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Sri Ram Janam Bhoomi Prana Pratisha Article Competition winners

Rāmāyaṇa where ideology and arts meet narrative and historical context by Prof. Nalini Rao

Rāmāyaṇa tradition in northeast Bhārat by Virag Pachpore


From Hindupedia, the Hindu Encyclopedia

By Swami Harshananda

Query regarding the origin of the ancient people of the country, whether they were the original inhabitants or immigrants, has always received a great attention by the historians, indologists, anthropologists and philologists. Several hypotheses and theories have been advanced over the last two centuries though no particular school of thought has been universally acclaimed or gained a majority of adherents.

One such vexatious question is regarding the Aryans and the Draviḍians. Some has the view that the Draviḍians were the original inhabitants of the country driven to the southern peninsula by the invading Aryans. Some opine that they were immigrants who came from the Mediterranean region much earlier than the Aryans.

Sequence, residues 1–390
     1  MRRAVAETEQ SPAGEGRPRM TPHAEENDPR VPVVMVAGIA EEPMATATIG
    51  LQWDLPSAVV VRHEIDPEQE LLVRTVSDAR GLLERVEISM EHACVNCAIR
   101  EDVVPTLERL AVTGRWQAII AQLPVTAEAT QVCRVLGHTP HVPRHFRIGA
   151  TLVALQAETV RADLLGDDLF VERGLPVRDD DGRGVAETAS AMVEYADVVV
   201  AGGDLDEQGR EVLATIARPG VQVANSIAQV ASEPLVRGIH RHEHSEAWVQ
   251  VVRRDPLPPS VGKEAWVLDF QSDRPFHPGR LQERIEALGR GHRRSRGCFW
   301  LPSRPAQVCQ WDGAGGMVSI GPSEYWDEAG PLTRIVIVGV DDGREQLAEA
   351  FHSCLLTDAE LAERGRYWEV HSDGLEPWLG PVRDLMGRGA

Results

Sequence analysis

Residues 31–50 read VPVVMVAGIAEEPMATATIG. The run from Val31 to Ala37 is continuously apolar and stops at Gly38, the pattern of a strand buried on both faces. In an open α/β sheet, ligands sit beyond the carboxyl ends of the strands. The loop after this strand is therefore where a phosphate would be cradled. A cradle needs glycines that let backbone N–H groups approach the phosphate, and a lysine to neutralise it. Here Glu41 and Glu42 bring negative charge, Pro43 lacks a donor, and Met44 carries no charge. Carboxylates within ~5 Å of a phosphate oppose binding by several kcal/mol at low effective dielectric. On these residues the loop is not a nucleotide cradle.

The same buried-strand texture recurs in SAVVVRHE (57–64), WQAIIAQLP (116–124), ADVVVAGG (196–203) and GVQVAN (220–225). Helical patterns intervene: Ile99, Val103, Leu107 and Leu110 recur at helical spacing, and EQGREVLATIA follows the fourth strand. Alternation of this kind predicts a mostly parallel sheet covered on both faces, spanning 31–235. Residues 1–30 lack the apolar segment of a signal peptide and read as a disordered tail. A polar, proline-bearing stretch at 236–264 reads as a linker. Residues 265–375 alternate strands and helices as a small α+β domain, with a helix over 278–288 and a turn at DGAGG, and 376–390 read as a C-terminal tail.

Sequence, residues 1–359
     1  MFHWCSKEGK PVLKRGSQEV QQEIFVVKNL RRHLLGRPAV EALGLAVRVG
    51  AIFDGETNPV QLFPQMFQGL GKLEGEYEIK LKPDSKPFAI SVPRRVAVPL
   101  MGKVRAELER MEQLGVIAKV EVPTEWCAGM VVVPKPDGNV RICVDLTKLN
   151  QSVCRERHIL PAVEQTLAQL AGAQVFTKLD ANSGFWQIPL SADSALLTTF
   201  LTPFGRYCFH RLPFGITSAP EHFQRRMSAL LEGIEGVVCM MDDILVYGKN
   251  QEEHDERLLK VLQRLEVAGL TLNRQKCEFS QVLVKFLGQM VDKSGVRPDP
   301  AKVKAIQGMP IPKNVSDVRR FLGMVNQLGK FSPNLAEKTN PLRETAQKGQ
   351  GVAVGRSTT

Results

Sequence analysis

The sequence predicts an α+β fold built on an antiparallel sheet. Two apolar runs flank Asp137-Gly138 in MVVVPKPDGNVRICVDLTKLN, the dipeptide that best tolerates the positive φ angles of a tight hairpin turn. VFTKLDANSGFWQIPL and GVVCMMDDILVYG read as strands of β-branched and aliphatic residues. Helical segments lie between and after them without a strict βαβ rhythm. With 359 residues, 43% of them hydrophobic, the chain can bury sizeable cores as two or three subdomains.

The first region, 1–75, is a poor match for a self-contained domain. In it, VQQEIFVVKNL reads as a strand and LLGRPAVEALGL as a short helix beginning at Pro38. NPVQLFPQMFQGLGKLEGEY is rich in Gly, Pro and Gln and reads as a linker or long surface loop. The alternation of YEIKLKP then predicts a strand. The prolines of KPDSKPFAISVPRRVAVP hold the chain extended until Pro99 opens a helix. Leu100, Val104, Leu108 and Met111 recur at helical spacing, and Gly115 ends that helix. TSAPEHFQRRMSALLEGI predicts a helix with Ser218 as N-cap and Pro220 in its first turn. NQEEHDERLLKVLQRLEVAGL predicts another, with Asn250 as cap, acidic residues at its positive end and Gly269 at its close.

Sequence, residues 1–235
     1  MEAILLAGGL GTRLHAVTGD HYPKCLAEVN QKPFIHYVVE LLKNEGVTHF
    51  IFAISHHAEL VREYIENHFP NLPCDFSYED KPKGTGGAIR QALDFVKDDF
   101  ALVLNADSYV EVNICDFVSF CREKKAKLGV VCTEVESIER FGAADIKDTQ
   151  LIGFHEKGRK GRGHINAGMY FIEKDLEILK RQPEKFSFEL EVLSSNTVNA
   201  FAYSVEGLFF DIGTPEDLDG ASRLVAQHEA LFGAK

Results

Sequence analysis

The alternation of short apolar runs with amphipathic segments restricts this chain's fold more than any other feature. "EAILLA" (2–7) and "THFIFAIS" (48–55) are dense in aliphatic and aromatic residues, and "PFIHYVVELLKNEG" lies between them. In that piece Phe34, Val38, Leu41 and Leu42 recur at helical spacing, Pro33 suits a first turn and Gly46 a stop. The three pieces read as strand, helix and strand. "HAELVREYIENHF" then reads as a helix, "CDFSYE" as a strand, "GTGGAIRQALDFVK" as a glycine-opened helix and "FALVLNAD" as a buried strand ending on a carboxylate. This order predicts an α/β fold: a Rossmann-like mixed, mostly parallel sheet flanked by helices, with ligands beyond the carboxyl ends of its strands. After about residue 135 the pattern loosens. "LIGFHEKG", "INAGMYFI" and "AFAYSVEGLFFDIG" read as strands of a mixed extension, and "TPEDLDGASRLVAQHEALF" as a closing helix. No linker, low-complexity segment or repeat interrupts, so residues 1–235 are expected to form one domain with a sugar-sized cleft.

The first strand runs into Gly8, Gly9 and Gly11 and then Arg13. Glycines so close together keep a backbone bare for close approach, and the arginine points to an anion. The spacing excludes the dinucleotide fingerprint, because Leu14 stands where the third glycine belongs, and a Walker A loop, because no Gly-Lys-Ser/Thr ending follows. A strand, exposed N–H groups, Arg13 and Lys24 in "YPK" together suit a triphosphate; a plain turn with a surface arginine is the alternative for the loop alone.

However, there is also another view that the Harappa-Mohenjo Dāro culture is the advanced stage of Vedic culture. Hence it has nothing to do with the Draviḍian culture. The Draviḍian languages like Tamil, Telugu and Kannada are gradual evolutions from the Prākṛt and Paiśācī languages, which were the derivatives of the Sanskrit language.

There has been much of racial commingling and complicated evolutions of languages over the millennia that no single theory can be accepted as unquestioningly authentic. Since Agastya, the great Vedic sage, had been universally acclaimed as the originator of the religion, language and culture of South India (which later spread to the South East Asian countries also), suffice it to say that the Āryan-Draviḍian division is more of a conjecture than a well-established fact.


  • The Concise Encyclopedia of Hinduism, Swami Harshananda, Ram Krishna Math, Bangalore